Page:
DRM isn’t the way to go on anything. Software/Media companies wouldn’t have so many problems (problems, ha, I don’t see them going without food) with piracy if they weren’t such evil, moneygrubbing bastards themselves. Take, for instance, DVDs. At the time that DVDs came around, I think the average VHS pricepoint for a new relase was about $15. Now DVDs are nothing more than some mylar on a plastic disc, certainly much cheaper to manufacture than a big, clunky VHS complete with moving parts. Not to mention the fact that since everything is produced digitally, movie companies are probably saving billions on film, editing time, and special effects. Now, does this translate to lower prices for the consumer? Nope, not at all, as a matter of fact, a bigger profit margin through cheaper manufacture wasn’t enough, on average DVDs were at least $5 more expensive than VHS tapes. Why is this? Because the publishers knew they could get away with perceived value. DVDs are new and upcoming, and therefore inherently more valuable. The same thing is happening with Blu-Ray now. I wouldn’t hold my breath for the day that Blu-Ray movies cost an average $20 for new releases. I’d bet on $25 being the new standard price.

Now you take the software companies, who now have the option to distribute software via the internet. You would think that removing manufacturing/packaging/shipping from the costs would translate to the consumer, but nope, they cost exactly the same, except for Microsoft products, which actually have the gall to cost MORE(again, perceived value, not actual value). This is pure insanity. The free-market system as we used to know it is completely dead in todays hyperactive global economy. The same thing has been happening to gas for years. Oil companies are reporting record profits every year and shutting down refineries because they have so much fuel, but the price keeps going up and up, because the demand is completely fixed.

I don’t know what the solution to all of this is, but I know I don’t like it, and I know I’m not shedding a single tear over anyone in Hollywood who is losing their new mink coat because a 13 year old just downloaded their latest song rather than paying $15 to get a CD that cost $.05 to make and really only has that one good song on it.

Like Travis (a few comments up), I’ve been waiting for MONTHS now for other profiles on my console to be able to play games we paid for. Also like Travis, I blogged about it [1].

Unlike you (Jeff), I’m not OK with just re-purchasing that content.

In my case, it’s mostly an issue with XBL Arcade games. I’ve paid for a LOT of games that my daughter and wife both like to play (neither of them play any games that ship on media). Once my console went belly-up and I got a replacement, their profiles could no longer play those games (they appear in Trial mode)… note to other commenters, this is with the same hard drive – the license is tied to the console’s ID.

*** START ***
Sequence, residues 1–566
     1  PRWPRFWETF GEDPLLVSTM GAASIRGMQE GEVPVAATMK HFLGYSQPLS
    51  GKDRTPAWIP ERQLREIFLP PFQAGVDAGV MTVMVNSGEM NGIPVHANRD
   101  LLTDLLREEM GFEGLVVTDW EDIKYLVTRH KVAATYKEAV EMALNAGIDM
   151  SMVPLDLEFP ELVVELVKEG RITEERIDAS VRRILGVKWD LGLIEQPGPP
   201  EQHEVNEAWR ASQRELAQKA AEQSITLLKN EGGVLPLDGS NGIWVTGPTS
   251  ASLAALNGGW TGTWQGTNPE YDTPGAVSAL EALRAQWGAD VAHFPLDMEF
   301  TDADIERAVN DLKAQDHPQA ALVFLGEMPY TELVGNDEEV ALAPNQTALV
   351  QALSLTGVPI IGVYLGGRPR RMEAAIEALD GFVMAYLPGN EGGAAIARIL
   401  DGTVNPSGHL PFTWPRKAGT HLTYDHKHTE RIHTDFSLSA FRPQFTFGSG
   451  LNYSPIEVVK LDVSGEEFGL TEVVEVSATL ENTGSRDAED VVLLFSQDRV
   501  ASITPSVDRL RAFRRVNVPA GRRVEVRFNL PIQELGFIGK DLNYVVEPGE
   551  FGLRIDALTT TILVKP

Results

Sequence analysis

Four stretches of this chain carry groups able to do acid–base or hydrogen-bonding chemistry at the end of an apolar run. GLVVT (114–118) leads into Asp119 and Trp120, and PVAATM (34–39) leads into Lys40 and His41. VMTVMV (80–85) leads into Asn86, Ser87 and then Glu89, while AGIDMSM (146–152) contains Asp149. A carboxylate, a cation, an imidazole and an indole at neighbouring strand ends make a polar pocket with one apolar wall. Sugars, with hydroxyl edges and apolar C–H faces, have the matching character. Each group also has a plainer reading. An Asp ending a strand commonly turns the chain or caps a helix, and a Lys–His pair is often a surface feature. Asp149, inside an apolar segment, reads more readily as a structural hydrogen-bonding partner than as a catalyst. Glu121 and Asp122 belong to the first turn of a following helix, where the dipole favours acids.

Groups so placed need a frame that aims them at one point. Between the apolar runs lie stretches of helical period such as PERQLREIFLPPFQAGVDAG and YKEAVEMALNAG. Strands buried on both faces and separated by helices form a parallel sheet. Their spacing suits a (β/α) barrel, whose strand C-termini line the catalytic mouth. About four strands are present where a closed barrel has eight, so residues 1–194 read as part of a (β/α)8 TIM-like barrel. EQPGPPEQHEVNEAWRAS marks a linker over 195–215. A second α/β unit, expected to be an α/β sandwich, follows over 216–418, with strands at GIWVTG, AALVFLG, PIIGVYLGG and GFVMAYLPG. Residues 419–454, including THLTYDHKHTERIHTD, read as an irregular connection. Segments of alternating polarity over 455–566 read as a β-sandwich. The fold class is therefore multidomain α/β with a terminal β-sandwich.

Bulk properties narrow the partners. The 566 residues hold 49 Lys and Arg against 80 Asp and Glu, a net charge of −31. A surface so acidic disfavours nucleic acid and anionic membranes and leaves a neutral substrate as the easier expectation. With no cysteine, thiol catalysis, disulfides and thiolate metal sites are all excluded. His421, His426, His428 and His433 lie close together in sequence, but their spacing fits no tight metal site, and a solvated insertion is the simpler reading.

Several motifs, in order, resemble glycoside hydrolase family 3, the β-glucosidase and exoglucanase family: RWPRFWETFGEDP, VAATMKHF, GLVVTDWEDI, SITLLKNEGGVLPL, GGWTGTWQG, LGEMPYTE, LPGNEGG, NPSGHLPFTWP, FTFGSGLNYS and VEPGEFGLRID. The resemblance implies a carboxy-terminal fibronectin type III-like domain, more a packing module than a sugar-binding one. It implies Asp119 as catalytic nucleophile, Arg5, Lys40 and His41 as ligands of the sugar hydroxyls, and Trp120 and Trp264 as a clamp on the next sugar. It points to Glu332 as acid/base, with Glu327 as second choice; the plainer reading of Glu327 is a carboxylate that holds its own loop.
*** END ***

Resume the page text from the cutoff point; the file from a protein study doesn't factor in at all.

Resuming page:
Not only can they not play those titles, but my profile can’t play them either unless I’m connected to XBL. No problem as I’m typically connected, right? Except when the service is suffering outages as it did over the holidays. Then, nobody can get at those titles. Their compensation for that downtime? Another XBL Arcade game. Ironic.

I’ve called a few times and never get past “we’re working on it, should happen in 2-4 weeks”… that’s been the case since October. I’m a Microsoft developer, manage development for a .NET shop, a former MVP, and usually a fan of their stuff – but this issue disgusts me.

I can honestly say it just makes me all-around grumpy about the Xbox 360. I certainly won’t be buying any more XBL content until it gets resolved and I don’t play it as much these days because it’s irritating to think of the “locked” content we’ve paid for that’s sitting there and can’t be used.

This is the company that makes SQL Server – but I’ve been waiting for them to change the console ID on my XBL account for roughly five months now.


Lock-ins force people to think down other avenues, I outright refuse to buy an iPoo’d because of its stupid DRM system. I’d rather by the CD and copy to my compy as MP3.

As I stated above, that’s exactly how you can use iTunes. It is then just a rather comfortable media center with built-in ripping support, automated ID-tag-filling*, and with the iPod being a portable version of the very same media library you have on your computer. No DRM involved whatsoever. You can even retrieve the mp3-files back from the iPod if you have it formatted as a volume before putting your stuff onto it.